One dreary afternoon in early March, Rebecca Noon sits next to her husband, Jed Hancock-Brainerd, on a comfortable couch in a loft above Trinity Repertory Company, where she works as the Community Engagement Coordinator. Both tall and lithe, they sort of fold up like origami, leaning into one another but not quite, their heavy winter boots nearly touching. Jed, who has joined us following a shift at the RISD Museum, where he works as an on-call security guard and visitor services representative, melts into the couch.
It’s a rare moment of repose for the pair. In addition to their own work, sometimes aligning pursuits in the larger theater community (you can see Jed on stage at the Gamm starting this month in Marie Antoinette, which Rebecca is assistant directing) they make up half of the four-member Strange Attractor Theatre Company.
For them, the line between the life they’ve made and the art they make can be razor-thin, or non-existent at times. Luckily, though, it seems to work; they seem superbly calibrated for one another, and say that some of their most fond memories come from times when they’ve been somewhat attached at the hip – commuting to work together, coming home together, making theater together. And admittedly, it makes the proposition of both being full-time artists with fulltime day jobs more sustainable.
“I’ve noticed it gets trickier when one of us is working on something and the other is not. We totally support each other,” Jed told me. Then, to Rebecca, his already soft voice crinkling at the edges, like crows feet around smiling eyes: “I do miss you when I don’t get to spend time with you.”
Since meeting at the London International School of Performing Arts, where they both studied Lecoq-based actor created theater, the two have been collaborators as well as companions. “I was always really drawn to Jed as an artist, because he was such a puzzle to me,” says Rebecca. “The teachers would always point to him as an example of what would be great about the work. But he would never volunteer, he wasn’t running up onstage to show everyone what he could do. He approaches the work from total boldness and also humility.” The couple began dating later that first year, and by the second, they were choosing to work together consistently. They met their two other company members, Aram Alan Aghazarian and Roblin Gray Davis, in school as well, although their relationship with Strange Attractor wasn’t formalized until the group collaborated on a production of Eurydice together in Alaska.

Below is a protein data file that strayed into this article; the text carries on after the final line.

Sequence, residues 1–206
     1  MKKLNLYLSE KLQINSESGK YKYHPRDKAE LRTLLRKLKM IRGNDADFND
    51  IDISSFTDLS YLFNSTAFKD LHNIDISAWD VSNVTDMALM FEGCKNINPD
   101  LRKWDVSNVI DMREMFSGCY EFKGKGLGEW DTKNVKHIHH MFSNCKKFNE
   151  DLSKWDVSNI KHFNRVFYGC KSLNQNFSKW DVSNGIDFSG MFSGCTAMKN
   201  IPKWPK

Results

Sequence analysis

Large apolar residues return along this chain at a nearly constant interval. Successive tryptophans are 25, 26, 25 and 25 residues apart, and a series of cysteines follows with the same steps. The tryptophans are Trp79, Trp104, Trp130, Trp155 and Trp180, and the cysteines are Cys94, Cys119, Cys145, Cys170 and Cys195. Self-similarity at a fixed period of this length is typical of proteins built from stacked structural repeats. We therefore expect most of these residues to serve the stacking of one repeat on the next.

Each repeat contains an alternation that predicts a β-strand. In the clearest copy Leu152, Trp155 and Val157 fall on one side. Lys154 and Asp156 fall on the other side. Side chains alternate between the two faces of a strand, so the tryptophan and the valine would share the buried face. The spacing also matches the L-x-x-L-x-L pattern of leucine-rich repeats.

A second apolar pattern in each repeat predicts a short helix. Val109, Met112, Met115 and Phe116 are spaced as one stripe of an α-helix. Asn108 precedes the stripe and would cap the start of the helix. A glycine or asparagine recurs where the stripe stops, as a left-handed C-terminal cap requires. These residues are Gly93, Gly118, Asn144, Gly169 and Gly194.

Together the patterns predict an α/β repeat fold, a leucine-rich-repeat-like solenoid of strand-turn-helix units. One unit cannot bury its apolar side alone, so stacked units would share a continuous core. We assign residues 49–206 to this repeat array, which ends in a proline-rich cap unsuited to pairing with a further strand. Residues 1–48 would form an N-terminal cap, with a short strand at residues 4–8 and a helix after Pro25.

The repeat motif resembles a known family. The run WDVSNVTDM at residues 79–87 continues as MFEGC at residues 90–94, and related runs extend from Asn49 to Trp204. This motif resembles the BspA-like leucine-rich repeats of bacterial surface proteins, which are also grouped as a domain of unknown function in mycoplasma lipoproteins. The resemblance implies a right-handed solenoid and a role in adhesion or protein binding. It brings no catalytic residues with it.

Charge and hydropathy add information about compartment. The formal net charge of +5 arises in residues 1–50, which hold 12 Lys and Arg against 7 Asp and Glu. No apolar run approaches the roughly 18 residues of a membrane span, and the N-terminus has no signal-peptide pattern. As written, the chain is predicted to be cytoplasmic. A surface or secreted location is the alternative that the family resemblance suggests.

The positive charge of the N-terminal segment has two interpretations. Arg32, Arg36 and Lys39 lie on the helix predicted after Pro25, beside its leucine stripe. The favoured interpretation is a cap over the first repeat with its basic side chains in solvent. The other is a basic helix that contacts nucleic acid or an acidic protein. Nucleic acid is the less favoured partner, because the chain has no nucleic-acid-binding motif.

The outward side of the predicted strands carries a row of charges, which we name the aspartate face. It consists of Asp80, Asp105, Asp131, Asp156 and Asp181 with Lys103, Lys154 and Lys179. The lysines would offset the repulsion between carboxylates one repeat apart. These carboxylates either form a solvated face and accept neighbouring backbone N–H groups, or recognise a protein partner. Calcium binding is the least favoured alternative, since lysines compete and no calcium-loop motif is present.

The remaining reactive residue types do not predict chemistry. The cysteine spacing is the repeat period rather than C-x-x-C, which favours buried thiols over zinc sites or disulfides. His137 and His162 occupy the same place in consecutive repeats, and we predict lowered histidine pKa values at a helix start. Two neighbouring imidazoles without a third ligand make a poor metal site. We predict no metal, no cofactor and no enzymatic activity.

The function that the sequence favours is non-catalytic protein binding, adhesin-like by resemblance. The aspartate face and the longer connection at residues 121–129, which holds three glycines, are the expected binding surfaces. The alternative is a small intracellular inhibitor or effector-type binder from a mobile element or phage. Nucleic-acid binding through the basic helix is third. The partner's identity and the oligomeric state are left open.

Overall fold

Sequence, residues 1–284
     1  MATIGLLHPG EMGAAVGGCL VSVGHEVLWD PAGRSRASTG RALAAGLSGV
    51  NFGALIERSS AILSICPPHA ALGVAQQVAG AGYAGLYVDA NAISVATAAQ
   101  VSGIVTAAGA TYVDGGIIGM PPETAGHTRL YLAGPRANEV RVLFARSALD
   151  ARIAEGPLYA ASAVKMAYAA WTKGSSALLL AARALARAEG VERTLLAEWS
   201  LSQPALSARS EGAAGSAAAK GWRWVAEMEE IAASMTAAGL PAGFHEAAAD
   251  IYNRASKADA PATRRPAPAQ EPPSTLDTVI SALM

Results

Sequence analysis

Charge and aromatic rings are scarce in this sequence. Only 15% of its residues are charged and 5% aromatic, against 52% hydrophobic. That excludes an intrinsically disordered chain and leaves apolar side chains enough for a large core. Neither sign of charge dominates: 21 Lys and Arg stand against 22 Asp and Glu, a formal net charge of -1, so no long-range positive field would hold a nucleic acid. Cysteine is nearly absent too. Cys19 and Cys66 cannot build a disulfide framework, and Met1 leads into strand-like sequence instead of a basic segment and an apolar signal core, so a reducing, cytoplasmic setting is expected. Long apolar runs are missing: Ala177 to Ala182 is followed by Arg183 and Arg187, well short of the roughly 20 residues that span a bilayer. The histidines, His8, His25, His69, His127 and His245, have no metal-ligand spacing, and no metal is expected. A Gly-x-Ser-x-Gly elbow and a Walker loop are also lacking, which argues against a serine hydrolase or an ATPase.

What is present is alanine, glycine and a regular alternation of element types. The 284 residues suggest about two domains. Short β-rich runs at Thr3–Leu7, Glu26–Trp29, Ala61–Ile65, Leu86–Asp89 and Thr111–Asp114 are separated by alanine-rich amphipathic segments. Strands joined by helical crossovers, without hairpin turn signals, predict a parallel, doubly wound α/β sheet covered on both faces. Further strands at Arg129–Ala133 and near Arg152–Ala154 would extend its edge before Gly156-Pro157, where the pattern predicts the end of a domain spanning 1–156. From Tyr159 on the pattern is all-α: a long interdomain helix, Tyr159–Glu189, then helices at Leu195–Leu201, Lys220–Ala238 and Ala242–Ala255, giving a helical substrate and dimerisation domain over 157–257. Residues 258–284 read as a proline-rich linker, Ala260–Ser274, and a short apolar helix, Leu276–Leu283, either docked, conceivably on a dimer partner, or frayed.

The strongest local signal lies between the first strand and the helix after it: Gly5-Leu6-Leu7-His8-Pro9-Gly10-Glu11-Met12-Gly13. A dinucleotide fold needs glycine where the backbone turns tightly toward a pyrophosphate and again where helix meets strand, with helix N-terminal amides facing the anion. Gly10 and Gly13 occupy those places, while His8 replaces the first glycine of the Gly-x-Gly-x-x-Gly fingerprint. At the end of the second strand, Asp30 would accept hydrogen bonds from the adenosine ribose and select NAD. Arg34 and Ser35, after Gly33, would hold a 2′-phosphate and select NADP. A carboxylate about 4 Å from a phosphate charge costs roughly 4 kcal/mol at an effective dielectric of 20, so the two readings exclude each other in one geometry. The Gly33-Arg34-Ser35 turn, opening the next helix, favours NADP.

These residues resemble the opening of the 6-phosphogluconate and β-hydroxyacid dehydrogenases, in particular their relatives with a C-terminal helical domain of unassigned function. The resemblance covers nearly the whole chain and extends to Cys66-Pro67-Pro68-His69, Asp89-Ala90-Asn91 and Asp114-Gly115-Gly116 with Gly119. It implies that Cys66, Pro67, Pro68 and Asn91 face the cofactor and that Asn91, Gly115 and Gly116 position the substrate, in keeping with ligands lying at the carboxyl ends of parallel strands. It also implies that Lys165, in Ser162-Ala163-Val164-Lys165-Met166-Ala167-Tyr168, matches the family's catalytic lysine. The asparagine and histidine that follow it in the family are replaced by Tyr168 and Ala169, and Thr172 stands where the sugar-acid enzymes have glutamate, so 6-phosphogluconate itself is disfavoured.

The company is distinguished from other smaller, fringe theaters in the state in many ways – its size, its method of making work (they devise the work physically, in the moment, often without a playwright or director), the pace of its project-based orientation (five full-length shows in five years) among them. But here’s the thing: only Jed and Rebecca live in the Ocean State. Aram and Roblin are based in Philadelphia and Juneau, respectively. Even in this age of instantaneous connection across time zones, that far-flung recipe presents some interesting obstacles for a group of working artists who inhabit a space not of data, of words, of the written, but rather of the spontaneous, the instantaneous.
“For me, one of the things that is a challenge ultimately becomes a benefit,” says Jed. “When you get back into the room together, it’s almost like you have to meet each other again. Even though you know what it’s like to make work together, time and distance change people, too. Surprising things can happen. It makes for much richer, more layered pieces.”
The group often develops and performs a piece in one place, camping out together at the rambling Victorian belonging to Jed’s parents where the pair currently resides, for instance, and then moves it to one of the other towns in their repertoire – creating residencies, in effect. But it would be erroneous to say that they mount the same show in two cities, or take a production “on tour.” As the performers change with time and distance, the productions do, as well.
“I remember when we were working on the show A Terrific Fire in Juneau, mountain climbing became a very important part of the play. Jed invented this very serious mountain climbing character, totally raw and real. When we moved on to Providence, mountain climbing got put into a picture window and became a sort of cartoon of mountain climbing. And the more we learn about each other’s homes and the audiences there, the more we can be intentional about making theater,” says Rebecca.
Though they both confess to not having a professorial level of understanding about the mathematical concept from whence they get their name, it’s certainly fitting. Somewhere in all of this space and time, even with a continental divide thrown in for fun, they’ve managed to formulate a bond that is both steady and flexible.